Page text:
"Edward C. Luck" is a professor, author, and expert in international relations. He served as the United Nations Secretary-General’s Special Adviser at the Assistant Secretary-General between February 2008 and July 2013 and was replaced by Jennifer Welsh (Can.). Previously he was Vice President of the International Peace Academy as well as the director of the Center on International Organization of the School of International and Public Affairs at Columbia University. He is currently the dean of the Joan B. Kroc School of Peace Studies at the University of San Diego.

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Instead of the bull in the china shop, Bolton's more like the little boy who is audacious enough to say the U.N. has no clothes.

Iranians are very proud and don't want to become a pariah state like North Korea. I think they would find it very unattractive.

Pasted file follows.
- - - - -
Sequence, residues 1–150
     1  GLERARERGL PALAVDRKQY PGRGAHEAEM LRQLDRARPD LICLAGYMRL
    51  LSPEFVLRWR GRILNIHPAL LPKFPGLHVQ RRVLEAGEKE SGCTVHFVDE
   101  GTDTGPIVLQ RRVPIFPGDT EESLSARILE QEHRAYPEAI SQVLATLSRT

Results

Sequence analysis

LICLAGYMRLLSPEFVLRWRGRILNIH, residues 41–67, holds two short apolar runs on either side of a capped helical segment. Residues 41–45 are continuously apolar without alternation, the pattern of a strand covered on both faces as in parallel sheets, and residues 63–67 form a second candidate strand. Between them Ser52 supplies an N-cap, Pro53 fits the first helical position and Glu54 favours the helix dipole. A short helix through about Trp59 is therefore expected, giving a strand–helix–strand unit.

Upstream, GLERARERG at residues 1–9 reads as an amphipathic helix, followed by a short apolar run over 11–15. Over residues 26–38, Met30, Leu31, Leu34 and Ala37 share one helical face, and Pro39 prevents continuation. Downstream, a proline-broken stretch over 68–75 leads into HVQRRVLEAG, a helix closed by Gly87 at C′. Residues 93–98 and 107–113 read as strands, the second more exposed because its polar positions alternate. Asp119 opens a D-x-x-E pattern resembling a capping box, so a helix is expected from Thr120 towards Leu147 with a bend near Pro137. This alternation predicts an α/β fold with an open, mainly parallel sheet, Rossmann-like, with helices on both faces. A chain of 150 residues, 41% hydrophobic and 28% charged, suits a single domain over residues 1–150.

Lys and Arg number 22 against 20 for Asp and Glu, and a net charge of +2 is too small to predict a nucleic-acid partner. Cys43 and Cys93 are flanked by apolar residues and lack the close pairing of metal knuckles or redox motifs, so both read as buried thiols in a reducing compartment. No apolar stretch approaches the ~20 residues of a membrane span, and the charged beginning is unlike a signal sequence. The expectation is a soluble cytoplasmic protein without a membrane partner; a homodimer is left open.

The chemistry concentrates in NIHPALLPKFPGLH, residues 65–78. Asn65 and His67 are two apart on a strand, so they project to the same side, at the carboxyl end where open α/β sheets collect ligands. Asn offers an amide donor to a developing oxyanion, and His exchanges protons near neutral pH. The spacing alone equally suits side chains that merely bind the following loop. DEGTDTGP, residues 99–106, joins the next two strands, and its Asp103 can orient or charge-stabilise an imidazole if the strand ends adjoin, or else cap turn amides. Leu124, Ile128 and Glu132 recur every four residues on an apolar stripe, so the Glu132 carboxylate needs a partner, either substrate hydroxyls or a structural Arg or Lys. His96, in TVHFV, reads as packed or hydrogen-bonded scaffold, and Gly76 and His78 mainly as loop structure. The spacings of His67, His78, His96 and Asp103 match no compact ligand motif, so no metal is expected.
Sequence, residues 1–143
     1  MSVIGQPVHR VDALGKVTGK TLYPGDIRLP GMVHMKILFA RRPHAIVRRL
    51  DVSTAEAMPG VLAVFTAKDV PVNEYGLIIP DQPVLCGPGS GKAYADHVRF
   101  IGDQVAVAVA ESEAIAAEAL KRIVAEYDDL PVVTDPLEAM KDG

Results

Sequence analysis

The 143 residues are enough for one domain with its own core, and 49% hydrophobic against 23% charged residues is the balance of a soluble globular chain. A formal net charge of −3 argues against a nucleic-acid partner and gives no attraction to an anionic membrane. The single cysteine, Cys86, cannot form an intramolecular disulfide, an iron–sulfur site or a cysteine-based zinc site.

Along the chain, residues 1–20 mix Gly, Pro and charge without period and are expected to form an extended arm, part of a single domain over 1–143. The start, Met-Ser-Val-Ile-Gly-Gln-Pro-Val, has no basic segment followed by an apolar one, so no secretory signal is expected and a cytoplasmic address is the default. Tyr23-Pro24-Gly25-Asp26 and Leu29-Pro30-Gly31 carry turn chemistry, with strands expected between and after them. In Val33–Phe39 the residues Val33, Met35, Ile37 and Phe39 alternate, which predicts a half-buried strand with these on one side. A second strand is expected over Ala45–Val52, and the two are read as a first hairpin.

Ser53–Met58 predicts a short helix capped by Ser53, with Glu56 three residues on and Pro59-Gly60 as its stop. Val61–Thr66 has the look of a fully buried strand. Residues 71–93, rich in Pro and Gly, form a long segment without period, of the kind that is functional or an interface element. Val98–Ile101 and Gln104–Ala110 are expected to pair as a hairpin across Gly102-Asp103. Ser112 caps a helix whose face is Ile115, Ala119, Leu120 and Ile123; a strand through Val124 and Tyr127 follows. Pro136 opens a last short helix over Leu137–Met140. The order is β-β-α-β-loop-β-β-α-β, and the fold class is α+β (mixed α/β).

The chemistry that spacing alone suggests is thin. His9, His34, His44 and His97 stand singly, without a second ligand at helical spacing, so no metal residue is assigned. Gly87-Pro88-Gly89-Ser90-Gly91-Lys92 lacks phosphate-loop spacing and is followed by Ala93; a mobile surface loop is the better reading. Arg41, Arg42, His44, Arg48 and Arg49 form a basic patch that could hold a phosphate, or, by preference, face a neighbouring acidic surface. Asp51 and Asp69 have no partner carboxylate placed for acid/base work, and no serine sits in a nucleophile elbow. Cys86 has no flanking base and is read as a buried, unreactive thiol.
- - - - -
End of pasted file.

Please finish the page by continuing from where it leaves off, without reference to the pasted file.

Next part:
The idea of having a real transition period makes eminent sense, and most member states would tend to agree in theory. The problem is, can they settle on a candidate by the middle of the year? It would be a major triumph, but I'm not betting the farm on it.

The reforms on the table really get to the meat of the matter, which is changing an institution envisioned for the post-World War II period to work in a very changed world. The challenge now is that after so much attention to expanding the Security Council, this package sounds like leftovers - when it's really the meat and potatoes of reform.

These people should have been put under a watch list; to let them creep back into procurement is the height of irresponsibility. Reform, in the end, is really a question of people and you can put in all the rules and regulations you want, but clever determined people who know the system well will find a way of getting around the rules.

It looks like it could be a real train wreck. It's a basic clash over who's in charge: Is it the General Assembly or is it the secretary general?